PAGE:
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The Unusual Suspects Part 3: The Significant Others

For the third look at the more unusual skewers we serve at Bincho we focus on four items that don’t even make our ‘off menu’ list. In fact they are so far off the menu that they spoken about only in whispers between knowing customers and the guys behind the grill. They are known to us simply as ‘the others’.



As skewers go these really are The fantastic four and are common in some of the better, more upmarket yakitori joints in Japanese cities. In reality they probably stem from backstreet places like here .


True these skewers are not for everyone, an acquired taste and sadly outside Japan hard to find. Most yakitori restaurants in the western world [and you know who you are] play the safety card, keeping to the tried and tested skewers, the crowd pleasers……sod that


Mame - chicken spleen


Known also as megimo this little nugget is extremely rare, probably something to do with the fact that it takes 9 spleens to make one skewer, often we are only able to start a night with only 3 or 4 skewers if any.


The spleen is found attached to the livers, if you have ever bought livers from a decent butcher you may have come across it. The flavour is immense, similar to the liver but slightly stronger with a creamier texture that bursts on the tongue.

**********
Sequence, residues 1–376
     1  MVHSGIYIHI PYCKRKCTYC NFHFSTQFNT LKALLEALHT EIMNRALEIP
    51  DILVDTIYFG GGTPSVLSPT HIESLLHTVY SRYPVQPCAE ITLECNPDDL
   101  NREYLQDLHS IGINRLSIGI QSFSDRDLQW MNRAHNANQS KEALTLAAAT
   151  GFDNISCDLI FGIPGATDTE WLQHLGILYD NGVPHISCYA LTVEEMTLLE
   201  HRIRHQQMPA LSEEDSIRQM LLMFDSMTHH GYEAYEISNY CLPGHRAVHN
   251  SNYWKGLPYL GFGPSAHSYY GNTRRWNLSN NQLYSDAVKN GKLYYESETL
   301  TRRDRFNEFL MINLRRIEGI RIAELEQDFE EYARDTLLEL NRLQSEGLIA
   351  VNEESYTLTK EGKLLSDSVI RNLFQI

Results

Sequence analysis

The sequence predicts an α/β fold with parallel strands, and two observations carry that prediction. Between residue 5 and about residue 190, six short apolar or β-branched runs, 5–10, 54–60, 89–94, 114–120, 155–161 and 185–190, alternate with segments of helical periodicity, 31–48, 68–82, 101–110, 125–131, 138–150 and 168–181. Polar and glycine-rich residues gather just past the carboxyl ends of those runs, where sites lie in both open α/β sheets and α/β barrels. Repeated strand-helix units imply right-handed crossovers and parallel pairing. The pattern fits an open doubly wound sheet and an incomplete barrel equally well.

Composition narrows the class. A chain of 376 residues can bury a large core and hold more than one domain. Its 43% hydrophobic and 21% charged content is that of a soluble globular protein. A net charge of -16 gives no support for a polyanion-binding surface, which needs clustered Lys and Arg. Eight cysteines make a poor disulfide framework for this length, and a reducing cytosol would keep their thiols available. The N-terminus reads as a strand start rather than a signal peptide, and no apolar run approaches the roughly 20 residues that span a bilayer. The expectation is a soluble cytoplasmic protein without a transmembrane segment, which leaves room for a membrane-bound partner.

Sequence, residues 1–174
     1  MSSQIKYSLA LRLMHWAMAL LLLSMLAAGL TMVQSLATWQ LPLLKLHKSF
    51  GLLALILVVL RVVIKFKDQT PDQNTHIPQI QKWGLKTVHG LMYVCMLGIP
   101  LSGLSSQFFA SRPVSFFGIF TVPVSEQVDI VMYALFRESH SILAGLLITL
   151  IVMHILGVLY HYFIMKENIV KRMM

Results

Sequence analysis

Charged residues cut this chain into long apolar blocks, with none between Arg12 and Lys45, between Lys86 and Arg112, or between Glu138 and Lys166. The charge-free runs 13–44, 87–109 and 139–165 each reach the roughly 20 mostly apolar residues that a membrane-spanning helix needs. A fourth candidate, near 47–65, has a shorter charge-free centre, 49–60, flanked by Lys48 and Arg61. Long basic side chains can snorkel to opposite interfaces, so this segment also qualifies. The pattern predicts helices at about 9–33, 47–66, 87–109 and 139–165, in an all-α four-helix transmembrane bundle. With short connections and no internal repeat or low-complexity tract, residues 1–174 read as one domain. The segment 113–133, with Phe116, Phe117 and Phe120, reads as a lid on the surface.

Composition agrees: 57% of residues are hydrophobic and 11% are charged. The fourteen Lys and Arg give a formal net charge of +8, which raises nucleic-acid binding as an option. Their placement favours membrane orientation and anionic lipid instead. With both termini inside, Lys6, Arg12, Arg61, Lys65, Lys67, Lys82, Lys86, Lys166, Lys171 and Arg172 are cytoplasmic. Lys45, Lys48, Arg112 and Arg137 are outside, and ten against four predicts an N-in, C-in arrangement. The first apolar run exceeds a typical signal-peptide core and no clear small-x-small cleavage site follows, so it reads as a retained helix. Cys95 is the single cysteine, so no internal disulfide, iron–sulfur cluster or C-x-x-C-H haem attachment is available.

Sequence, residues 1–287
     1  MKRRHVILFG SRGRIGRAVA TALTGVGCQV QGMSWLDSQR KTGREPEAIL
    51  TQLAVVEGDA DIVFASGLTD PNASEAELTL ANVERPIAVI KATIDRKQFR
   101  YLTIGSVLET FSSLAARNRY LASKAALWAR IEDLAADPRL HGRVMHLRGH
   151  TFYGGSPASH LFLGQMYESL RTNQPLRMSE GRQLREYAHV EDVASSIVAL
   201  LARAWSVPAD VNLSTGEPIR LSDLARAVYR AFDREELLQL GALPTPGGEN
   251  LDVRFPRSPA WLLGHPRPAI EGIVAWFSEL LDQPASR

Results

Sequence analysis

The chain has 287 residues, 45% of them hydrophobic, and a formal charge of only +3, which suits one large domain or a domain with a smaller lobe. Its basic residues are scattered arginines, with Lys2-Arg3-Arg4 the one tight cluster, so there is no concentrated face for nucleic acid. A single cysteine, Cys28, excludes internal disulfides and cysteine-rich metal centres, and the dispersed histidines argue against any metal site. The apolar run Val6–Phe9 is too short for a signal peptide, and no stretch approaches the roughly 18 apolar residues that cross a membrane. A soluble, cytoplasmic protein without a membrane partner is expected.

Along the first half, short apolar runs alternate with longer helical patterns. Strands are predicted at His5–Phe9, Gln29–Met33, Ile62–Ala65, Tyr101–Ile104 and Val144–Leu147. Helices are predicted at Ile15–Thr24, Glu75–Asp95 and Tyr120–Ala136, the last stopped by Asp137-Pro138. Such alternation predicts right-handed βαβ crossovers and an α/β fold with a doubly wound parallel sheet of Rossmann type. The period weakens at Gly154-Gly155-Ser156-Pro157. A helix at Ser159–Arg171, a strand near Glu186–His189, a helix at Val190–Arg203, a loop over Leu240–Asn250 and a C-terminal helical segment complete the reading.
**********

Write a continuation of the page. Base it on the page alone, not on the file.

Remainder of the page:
Kawa Ninniku -  garlic wrapped in chicken skin



This skewer usually comes on in March with the arrival of the new seasons garlic.


This is much milder variation of regular garlic containing more natural sweetness which works particularly well with the smoky flavour of the grill.




When not in season we make this using regular garlic that has been quickly blanched in milk to remove any harshness, the garlic is then wrapped in a small piece of blanched chicken skin which has a brilliant self-basting effect.


For garlic fans this is a must, utterly delicious and not as fiery as you may think. 



Tskune Nankotsu - minced chicken with cartilage


Minced chicken, vegetables, sesame, a touch of yuzu zest and then the master stroke of folding in chopped cartilage [nankotsu] which not only gives the skewer an incredible texture but also a knockout flavour.


We have been working on this for months, carefully balancing the meat/bone/yuzu ratio and feel that we have finally mastered it.


In our opinion it is compulsory to eat this skewer with a raw egg yolk to dip into. The yolk thickens under the heat of the skewer giving an extra dimension.


 

Hatsu moto – chicken aorta


This is a relative new one on us, it basically encompasses the aorta, the arteries and all the other pipes that run into the heart. It was introduced to us by a pissed off Japanese regular who ordered a skewer of chicken hearts and was mortified when he found that we had trimmed all the gory bits off.



The next day we tried these and were amazed at the flavour. A fixture in most restaurants in the west of Japan it has now become a fixture in ours. 


To be continued....


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Brighton

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